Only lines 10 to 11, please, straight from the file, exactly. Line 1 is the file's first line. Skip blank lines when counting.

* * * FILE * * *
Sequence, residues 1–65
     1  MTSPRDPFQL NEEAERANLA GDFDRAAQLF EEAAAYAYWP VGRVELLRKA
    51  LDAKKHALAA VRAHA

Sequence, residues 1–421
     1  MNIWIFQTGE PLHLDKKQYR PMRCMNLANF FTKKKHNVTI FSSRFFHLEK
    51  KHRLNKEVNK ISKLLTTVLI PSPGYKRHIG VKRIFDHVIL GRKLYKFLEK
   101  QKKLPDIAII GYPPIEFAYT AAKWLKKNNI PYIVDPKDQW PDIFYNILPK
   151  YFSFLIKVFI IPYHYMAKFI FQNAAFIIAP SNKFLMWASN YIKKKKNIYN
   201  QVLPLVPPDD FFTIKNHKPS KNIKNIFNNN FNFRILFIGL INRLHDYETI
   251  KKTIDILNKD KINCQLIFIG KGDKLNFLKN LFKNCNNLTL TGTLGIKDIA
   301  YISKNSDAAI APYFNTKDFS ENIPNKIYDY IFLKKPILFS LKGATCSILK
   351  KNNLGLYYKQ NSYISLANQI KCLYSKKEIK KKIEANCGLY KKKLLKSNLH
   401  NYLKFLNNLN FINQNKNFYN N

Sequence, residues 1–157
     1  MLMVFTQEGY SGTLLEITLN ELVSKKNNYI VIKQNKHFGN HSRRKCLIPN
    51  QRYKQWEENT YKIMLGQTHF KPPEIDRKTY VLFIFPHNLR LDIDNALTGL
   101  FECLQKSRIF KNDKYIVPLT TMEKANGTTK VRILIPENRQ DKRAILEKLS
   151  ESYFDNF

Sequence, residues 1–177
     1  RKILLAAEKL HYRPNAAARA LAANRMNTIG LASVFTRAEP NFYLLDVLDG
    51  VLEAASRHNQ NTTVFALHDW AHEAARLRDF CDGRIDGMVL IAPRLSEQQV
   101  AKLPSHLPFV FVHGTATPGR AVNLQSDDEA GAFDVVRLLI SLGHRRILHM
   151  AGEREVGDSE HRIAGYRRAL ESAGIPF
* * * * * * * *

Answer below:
   251  KKTIDILNKD KINCQLIFIG KGDKLNFLKN LFKNCNNLTL TGTLGIKDIA
   301  YISKNSDAAI APYFNTKDFS ENIPNKIYDY IFLKKPILFS LKGATCSILK